If there’s one thing the band Kingsley Flood knows about, it’s change.
In 2012, their album Battles took them back and forth across the country and all the way to the mainstage at the legendary Newport Folk Festival. It was an album that dealt with the everyday struggles of an “everyday guy”, and the songs reflected front-man Naseem Khuri’s struggle with issues of equality, a running theme in most of the band’s work.
Since then, the band has been busy creating their latest polemic for a better world, Another Other, and in the process were forced to redefine themselves and in some ways their message and method of speaking truth to power. Singer/violin player Jenée Morgan Force left the band in 2013 to start a family and her replacement, Eva Walsh (both of whom can be heard all over the new record) decided that the touring life wasn’t for her and exited the band amicably just as Another Other was about to be released. In many ways, the effect the departures had on the new batch of songs are obvious, but the inward focus, something not really seen before in "Khuri’s storytelling, was something new.
On tracks like “Try” and “Thick Of It” the band deftly handled the more introspective side of the Khuri’s songwriting, but showed that they still stoked the righteous fire they are known for on“The Bridge”, “Another Other”, and an absolutely snarling take on “To The Wolves”, all off of their latest album. New songs found a home alongside old favorites like a newly invigorated “Strongman” and fellow Battles track “Waiting For The River To Rise” (a touching tribute to a fallen friend…may it never leave their set), and proved that Kingsley Flood isn’t just surviving, they’re still thriving and even evolving after almost 10 years as a band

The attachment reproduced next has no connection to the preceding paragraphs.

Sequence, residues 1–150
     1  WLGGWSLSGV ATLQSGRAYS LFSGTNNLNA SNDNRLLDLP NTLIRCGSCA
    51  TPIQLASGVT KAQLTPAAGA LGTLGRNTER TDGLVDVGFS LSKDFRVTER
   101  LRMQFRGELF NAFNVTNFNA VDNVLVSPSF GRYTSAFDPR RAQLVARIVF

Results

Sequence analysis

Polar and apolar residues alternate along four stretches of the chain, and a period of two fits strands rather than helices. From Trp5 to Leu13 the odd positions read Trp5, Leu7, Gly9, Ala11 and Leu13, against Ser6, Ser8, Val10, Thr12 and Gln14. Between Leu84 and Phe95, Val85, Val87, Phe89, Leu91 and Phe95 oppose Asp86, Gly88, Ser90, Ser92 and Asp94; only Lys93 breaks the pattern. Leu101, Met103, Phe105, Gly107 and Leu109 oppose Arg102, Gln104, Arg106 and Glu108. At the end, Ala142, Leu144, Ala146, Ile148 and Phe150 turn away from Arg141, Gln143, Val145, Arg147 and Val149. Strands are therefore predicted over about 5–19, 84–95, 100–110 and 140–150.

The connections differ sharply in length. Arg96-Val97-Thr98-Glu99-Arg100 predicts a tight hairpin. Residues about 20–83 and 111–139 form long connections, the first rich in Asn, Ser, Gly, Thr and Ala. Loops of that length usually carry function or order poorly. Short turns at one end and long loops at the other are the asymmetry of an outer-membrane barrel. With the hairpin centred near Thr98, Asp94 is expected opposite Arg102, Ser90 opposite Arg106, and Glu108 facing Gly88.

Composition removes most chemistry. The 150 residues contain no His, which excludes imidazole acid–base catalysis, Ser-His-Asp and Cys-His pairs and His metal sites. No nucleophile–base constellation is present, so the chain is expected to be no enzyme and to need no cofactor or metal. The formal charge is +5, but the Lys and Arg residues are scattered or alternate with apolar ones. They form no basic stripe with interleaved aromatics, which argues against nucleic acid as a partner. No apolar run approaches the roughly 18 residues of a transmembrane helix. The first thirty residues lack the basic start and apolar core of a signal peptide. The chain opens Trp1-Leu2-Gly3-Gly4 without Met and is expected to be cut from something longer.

Opening the show for Kingsley Flood, were two of DC’s brightest upcoming stars; Fellow Creatures and Louis Weeks. Weeks kicked things off with a set made up entirely of songs from his upcoming LP due out sometime in 2017. Earlier this year, he did the same with a set at DC9 opening for Ryley Walker, and for those familiar with his work, NOW is the time to go out and see what’s coming next. These new songs, performed live by just Weeks and guitarist Noah Behrman, will continue to evolve, but hearing gorgeous tracks like “"In The Middle Only Love" (tentative title) develop from show to show is going to be quite the ride.
Likewise, Fellow Creatures, whose core of Sam McCormally and Will McKindley-Ward (the lineup is rounded out by Rishi Chakrabarty on bass and David Greer on drums) released a stunning self-titled LP earlier this year, have developed from an experiment played out live in front of an audience to a fierce band with even fiercer commentary on our current state of affairs. Songs like “Wouldn’t You Like To Know” and “Silurian Stomp” have taken on a renewed urgency and aggression in the face of the most recent election, but it was McCormally’s savage delivery of “Try Not To Think About It” that provided one of the chill inducing highlights of the night.